When I was in Germany most recently, I was using the toilet in the airport just before my flight. ¬†When I walked out of the stall to go to the sink (in the women’s bathroom), a male cleaner walked into the bathroom with an indifference nonchalance. ¬†He walked to the trash bin and emptied it to his cart outside the bathroom, and refreshed the bag. ¬†Then he swept the floor a bit and wiped down the sinks, checking the soap and paper towels. ¬†Not one person flinched during this process. ¬†No one was embarrassed. ¬†But there were other women in the bathroom, coming and going as though all was well and normal. ¬†And, for some reason, I was delighted and warmed at that fact. ¬†I think I even giggled when I left the bathroom, because I was imagining how people back in the US might have responded (and, potentially, panicked like no other). ¬†Again, just like in France, he wasn’t in the actual privacy portion of the bathroom, so it didn’t really matter so much that he was there. ¬†He was only passing through – it wasn’t like he was hanging out in there all day or anything. ¬†He cleaned up and got out, just as he probably did in the men’s restroom. ¬†So what that he was a man?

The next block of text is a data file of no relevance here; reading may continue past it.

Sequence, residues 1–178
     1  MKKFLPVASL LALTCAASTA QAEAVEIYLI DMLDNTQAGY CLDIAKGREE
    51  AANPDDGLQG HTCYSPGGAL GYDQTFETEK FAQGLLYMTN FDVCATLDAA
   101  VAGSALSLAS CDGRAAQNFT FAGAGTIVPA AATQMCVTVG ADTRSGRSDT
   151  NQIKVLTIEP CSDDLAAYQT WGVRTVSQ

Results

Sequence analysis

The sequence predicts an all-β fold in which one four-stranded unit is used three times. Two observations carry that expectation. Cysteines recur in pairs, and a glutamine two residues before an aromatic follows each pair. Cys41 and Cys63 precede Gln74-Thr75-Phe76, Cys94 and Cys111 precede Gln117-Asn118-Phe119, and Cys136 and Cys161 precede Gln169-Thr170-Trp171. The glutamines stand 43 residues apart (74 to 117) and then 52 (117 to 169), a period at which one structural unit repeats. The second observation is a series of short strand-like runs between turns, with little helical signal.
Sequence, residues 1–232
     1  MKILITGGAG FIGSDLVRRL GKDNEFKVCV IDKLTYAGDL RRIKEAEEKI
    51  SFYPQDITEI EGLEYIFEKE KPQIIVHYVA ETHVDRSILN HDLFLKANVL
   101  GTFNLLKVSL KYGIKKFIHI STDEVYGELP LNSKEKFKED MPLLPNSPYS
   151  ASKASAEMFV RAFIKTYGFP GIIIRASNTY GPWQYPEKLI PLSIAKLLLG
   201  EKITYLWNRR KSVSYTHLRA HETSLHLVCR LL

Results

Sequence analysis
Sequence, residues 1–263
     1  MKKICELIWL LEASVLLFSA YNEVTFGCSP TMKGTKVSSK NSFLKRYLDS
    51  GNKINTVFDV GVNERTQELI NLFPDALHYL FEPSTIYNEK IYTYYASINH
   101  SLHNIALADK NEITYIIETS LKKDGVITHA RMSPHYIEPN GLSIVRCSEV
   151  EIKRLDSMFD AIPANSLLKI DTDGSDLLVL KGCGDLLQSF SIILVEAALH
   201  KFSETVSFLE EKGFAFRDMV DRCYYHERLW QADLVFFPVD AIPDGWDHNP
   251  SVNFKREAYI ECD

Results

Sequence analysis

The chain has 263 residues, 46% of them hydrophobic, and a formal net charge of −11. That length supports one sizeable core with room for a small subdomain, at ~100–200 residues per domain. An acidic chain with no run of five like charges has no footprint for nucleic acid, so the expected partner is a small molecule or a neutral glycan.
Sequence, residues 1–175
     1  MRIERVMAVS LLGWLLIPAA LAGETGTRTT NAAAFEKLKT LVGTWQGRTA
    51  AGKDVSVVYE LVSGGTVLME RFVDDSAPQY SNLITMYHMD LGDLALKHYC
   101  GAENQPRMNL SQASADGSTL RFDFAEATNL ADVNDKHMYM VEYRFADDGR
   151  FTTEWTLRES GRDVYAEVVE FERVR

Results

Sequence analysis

In the US, our restrooms are shut down from use whenever someone of the opposite gender cleans them. ¬†And that really sucks at times. ¬†Really. ¬†Because, sometimes, you’ve just got to¬†go.